The Secretary-General had referred to the progress made in establishing those partnerships and he believed that efforts to enhance it in all fields should be further encouraged during the review process at the upcoming special session. The Government placed special emphasis on employment and it was aiming at a gradual transfer in implementing relevant measures, such as pension reform and a policy to generate employment by stimulating private enterprise and entrepreneurship. She stated that to ensure full employment for the population, the Government had created reliable conditions for a labour market and training programmes, supported people-owned businesses to generate self-reliance and introduced tax advantages.

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During the period of economic transformation, the people were suffering serious social losses; real income had fallen and savings had become depleted. She expressed regret that the analysis on the section of the report that contained her country had only mentioned internal State problems and did not refer to the fact that globalization had also had an adverse effect on social development policies and initiatives.

The Copenhagen Declaration and Programme of Action had recognized that the ILO had a special role to play in the field of employment and social development, and requested it to contribute to the implementation of the Programme of Action. In doing so, the ILO had developed activities at the operational, research and policy levels that it would put at the disposal of the Commission, as input for its deliberations.

Since the Social Summit, the ILO had intensified its efforts to help governments in formulating and implementing comprehensive employment strategies, he continued. It had provided technical assistance on implementing core labour conventions and in designing and extending social safety nets, including to the informal sector. Concomitantly, steps had been taken to increase awareness among ILO's tripartite constituents of the challenges and opportunities offered by globalization and a knowledge-based economy, both for creating new and better jobs, and for designing new approaches to overcome social exclusion.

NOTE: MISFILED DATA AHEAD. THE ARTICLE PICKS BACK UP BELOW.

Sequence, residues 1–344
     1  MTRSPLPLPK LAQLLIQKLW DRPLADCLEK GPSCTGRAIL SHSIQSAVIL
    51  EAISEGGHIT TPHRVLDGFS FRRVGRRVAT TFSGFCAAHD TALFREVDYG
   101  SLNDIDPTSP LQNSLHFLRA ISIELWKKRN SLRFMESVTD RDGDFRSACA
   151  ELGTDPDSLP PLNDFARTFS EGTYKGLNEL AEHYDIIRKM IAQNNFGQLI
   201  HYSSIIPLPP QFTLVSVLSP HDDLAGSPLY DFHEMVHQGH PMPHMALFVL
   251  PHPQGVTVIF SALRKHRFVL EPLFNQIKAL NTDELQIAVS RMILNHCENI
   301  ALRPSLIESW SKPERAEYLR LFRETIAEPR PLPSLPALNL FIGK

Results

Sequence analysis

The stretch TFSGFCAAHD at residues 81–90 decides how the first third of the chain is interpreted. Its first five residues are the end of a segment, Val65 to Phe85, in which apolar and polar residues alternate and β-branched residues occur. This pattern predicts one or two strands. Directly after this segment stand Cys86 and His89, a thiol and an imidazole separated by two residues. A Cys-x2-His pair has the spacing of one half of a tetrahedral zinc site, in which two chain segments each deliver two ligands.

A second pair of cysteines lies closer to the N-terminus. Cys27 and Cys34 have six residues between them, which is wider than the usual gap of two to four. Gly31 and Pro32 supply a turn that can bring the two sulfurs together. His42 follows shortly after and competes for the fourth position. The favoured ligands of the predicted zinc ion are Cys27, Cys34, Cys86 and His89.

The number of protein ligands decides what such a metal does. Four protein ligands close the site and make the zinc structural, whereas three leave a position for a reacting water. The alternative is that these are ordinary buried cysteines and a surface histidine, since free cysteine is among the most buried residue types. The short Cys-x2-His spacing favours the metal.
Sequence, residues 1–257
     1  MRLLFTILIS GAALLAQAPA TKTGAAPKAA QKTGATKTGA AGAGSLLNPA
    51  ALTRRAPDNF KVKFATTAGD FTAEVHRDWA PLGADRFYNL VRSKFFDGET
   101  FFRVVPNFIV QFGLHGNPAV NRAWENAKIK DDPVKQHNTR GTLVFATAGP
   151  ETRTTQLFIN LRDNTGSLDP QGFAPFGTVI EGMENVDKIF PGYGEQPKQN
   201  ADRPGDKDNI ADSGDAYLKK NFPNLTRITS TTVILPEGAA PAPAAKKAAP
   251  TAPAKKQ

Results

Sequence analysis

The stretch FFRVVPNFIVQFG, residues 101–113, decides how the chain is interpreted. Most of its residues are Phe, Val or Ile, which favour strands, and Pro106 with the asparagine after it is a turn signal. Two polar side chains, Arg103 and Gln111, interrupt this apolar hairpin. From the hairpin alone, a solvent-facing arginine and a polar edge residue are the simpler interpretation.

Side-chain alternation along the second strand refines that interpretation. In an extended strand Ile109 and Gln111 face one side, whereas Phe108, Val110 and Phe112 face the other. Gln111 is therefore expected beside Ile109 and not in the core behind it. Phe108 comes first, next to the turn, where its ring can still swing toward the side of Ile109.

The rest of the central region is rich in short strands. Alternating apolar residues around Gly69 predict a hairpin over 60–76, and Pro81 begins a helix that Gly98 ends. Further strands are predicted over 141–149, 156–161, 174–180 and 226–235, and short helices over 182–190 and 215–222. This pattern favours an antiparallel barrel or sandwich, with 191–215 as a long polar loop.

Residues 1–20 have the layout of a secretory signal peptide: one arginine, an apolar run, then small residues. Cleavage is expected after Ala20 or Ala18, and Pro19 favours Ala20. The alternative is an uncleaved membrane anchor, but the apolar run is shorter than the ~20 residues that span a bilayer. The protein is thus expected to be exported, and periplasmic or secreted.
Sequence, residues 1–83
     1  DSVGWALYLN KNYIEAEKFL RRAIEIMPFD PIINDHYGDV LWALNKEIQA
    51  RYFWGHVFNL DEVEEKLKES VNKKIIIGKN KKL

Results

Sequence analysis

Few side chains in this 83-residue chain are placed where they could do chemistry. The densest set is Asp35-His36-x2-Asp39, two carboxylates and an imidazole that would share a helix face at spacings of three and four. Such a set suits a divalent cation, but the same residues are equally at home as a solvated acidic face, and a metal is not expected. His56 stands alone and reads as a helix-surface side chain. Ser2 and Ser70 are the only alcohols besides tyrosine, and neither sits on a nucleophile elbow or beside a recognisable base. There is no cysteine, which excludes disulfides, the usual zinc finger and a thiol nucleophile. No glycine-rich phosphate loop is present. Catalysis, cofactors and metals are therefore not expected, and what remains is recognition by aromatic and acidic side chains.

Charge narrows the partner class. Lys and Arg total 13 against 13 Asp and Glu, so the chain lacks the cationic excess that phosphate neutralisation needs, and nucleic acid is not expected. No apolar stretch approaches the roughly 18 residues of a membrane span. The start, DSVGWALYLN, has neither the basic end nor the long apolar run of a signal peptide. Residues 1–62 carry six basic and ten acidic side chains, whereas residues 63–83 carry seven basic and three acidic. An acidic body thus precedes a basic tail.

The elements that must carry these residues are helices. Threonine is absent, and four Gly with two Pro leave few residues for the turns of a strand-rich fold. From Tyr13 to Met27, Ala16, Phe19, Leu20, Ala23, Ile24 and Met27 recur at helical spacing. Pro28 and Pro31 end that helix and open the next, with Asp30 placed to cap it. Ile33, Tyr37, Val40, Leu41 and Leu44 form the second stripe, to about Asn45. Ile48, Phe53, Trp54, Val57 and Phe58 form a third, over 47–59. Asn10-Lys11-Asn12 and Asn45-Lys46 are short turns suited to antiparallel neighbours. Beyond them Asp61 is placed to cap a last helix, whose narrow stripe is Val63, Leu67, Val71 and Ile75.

The ILO had launched a global programme on decent work, to reduce poverty and promote social integration through the incorporation of employment concerns with broader economic and social policies. Its objectives were: employment creation; promotion of human rights at work; improving social protection; and promoting social dialogue. While those were areas of the ILO's work, what was required was an integrated approach involving collaboration between the ILO and its partners in the United Nations and the international community. The ILO would seek the collaboration of its international partners, including non-governmental organizations for implementing further initiatives in connection with the implementation of the outcome of the Summit.

In , 5. That was a higher global total than any year since the epidemic started. Overall, The spread of the AIDS epidemic had imposed heavy burdens of poverty and ill-health in countries of eastern and southern Africa.

Bibliographic Information

Life expectancy in southern Africa had risen to 59 years by the early s, but due to AIDS it was expected to decline to 45 years between and As the Secretary- General stated in December , AIDS was far more than a health problem; it was a threat to human civilization as a whole. That was why it must be at the heart of the development agenda.